If I’m the “supplier”, I basically have three options: sell the real pills (or a medically-suitable facsimile), sell fake pills, or sell nothing & just take the customer’s money. The latter option obviously precludes repeat business, but would seem to be the cheapest – no supplies, no shipping, no lab, etc. All the options are illegal, IANAL but I’d think simply taking the customer’s money is probably “less” illegal than taking their money AND handling controlled substances. Fewer liability issues too – if the supplier sells a bad or fake drug, it could very well harm or kill someone. I simply don’t see the incentive for the supplier to actually provide a product.

From a “customer” standpoint … all the above is fairly self-evident, so why would I send money to someone who is very likely to give me nothing in return, or AT BEST may be giving me a substandard product? No matter how much I save over list price, the risk of faulty/no product is so high that it’s simply not worth it.

So … how does this work, exactly? Are enough people really so foolish that this becomes worthwhile?

NZ August 16, 2011 1:27 PM

Sometimes shows me some strange text about viagre etc. May be it’s also infected…

Thomas B. August 16, 2011 1:39 PM

The black hat SEO for image searches is really taking off too.

@Chris: There are probably a lot of scams out there, but the value of repeat business must also be high. New customers are far more costly and risky, especially for a criminal enterprise. Some of them probably go out of their way to focus on quality and service, under the same incentives of any retailer, silly as that may sound.

Stefan Savage August 16, 2011 1:42 PM

@chris As part of ongoing research in this area, we’ve made several hundred purchases for online pharmacies. We received shipment in response to each of our purchases and have not witnessed any fraud actions against the cards we’ve used. Generally speaking the pharmacy affiliate programs are contracting with drug distributors who in turn are contracting with various Indian pharmacies who drop ship directly to customers. Aside from schedule II drugs, our impression is that the programs generally believe that they are selling generic equivalents (in the few examples we tested the active ingredient did indeed match the real drug and in the correct amount, although we didn’t test for contaminants, appropriate binders, etc). Moreover, the re-order market is a real part of their business. On the demand side, we did a recent study of Eva Pharmacy showing that roughly 2/3 of the drugs selected at checkout were either ED or drugs that are commonly abused (e.g., Soma, HGH), while the remaining 1/3 covers a broad spectrum of chronic conditions.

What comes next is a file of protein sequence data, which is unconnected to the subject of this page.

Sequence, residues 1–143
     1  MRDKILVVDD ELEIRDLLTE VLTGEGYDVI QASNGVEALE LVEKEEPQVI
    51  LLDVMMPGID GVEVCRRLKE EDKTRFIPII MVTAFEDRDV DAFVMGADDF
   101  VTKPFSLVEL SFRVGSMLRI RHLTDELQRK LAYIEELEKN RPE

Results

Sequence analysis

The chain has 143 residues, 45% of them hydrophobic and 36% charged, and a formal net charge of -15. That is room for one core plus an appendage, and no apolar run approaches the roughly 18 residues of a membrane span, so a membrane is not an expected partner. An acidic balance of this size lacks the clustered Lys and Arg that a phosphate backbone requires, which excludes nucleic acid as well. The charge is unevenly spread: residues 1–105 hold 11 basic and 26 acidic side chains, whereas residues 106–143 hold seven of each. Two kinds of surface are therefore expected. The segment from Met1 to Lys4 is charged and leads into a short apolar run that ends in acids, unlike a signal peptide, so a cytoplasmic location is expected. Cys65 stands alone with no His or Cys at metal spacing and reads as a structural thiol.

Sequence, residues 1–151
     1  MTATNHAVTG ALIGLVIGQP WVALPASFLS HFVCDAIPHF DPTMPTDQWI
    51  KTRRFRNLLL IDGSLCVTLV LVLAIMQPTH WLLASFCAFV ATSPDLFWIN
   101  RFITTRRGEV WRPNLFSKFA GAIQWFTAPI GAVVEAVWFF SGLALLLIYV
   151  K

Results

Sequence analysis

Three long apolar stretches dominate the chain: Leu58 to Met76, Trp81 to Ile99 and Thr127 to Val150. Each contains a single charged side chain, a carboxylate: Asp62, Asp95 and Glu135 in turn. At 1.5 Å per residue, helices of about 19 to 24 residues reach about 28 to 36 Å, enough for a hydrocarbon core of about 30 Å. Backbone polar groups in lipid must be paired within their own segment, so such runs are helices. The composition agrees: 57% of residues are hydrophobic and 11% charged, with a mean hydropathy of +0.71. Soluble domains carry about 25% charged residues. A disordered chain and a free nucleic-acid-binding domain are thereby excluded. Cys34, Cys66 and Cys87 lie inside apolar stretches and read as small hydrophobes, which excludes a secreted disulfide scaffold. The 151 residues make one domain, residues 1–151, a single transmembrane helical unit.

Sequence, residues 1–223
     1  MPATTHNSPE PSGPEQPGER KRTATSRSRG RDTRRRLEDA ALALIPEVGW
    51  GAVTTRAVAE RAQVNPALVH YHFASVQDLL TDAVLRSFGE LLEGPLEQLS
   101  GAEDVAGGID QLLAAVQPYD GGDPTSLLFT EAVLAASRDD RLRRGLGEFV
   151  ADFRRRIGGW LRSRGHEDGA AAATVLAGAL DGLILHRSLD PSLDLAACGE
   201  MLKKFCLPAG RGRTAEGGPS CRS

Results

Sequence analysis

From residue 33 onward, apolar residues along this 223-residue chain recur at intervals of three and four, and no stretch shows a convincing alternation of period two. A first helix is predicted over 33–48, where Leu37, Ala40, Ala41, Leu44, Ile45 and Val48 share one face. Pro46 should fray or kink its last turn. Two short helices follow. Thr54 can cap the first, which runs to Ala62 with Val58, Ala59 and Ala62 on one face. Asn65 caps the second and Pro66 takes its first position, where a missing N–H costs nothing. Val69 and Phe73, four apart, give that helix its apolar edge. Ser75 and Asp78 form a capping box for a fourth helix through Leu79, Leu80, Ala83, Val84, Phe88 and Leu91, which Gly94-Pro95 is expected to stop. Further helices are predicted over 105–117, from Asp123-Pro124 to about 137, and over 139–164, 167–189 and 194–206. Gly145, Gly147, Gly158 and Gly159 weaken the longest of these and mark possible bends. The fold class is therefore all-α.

There is fairly strong evidence that the larger affiliate programs can pull in small 10’s of millions per year in revenue. However, the cost structure does not favor the affiliate program itself and the lions share of each sale goes to the advertiser.

David August 16, 2011 1:54 PM


The question of “substandard” is an entire arena in itself, but I believe it coincides with Richard’s point. Take penicillin or aspirin, for example. Both are cheap to make, easy to reproduce, and simple to handle; moldy bread can produce basic penicillin, while I could produce aspirin from a chemical process using vinegar or refine it from willow tree leaves. As Richard said, cheap and easy to make.

On the other hand, the sanctioned channels of distribution for penicillin and aspirin are vastly different. Being that penicillin and its derivatives are prescription-only, a supplier has to comply with local and federal drug laws, deal with state medical and pharmacy board oversight, and have a tracking system that keeps any and all interested agencies happy.

Add to that the manufacturer’s requirements, the doctor and pharmacists licensing and training requirements, and you have a significant premium added to a chemical that, at heart, can be found on any old piece of bread.

From a customer point of view, the cost of the sanctioned distribution process may be (or appear to be) too high. There are always fringe populations who are desperate enough or predisposed to working outside the system when they can.

From a black marketer point of view, there is a demand out there that can be filled with even less risk than selling coke or heroin. The drug laws are still in place, but local police aren’t as interested in hunting down an antibiotic/viagra/heart medication distributor as they are the local meth lab.

High-but-not-astronomical risk, medium-to-high profitability, and a ready-made customer base either cynical or burned badly enough by “teh system” to go outside normal channels–all the making of a business model.

(I used to work for a terminal distributor in managing risk and securing the facilities, so we spent a lot of brainpower and time getting a handle on how the whole system works.)

david August 16, 2011 2:27 PM

Anyone use ChangeDirection or Site Delta to keep tabs on a website, to get advised whenever it changes?

Jaime August 16, 2011 2:46 PM


Cost to distribute really isn’t an issue. If a drug is off patent, the market is already charging very little over the actual cost of production. The penicillin you used as an example is so cheap that people with insurance (but a co-pay) pay the same as people without insurance. Common antibiotics usually only cost about $4.00 for a full cycle at a real pharmacy.

The difference is noticeable for patent protected drugs. Viagra can be made cheaper, but Pfizer charges more than that cost to recoup development costs, compensate for risks taken during research and development, and profit. A knock-off only has to worry about cost to produce.

The cost has nothing to do with the channel and everything to do with patents (for good or for bad). There is virtually no black market for any pharmaceutical that has more than one generic on the market.

Jaime August 16, 2011 2:48 PM

Ammendment to previous post — There is a black market for pharmaceuticals that are hard to get prescribed and addictive, but that isn’t in the scope of the economic argument I was making.

Alister Wm Macintyre August 16, 2011 3:17 PM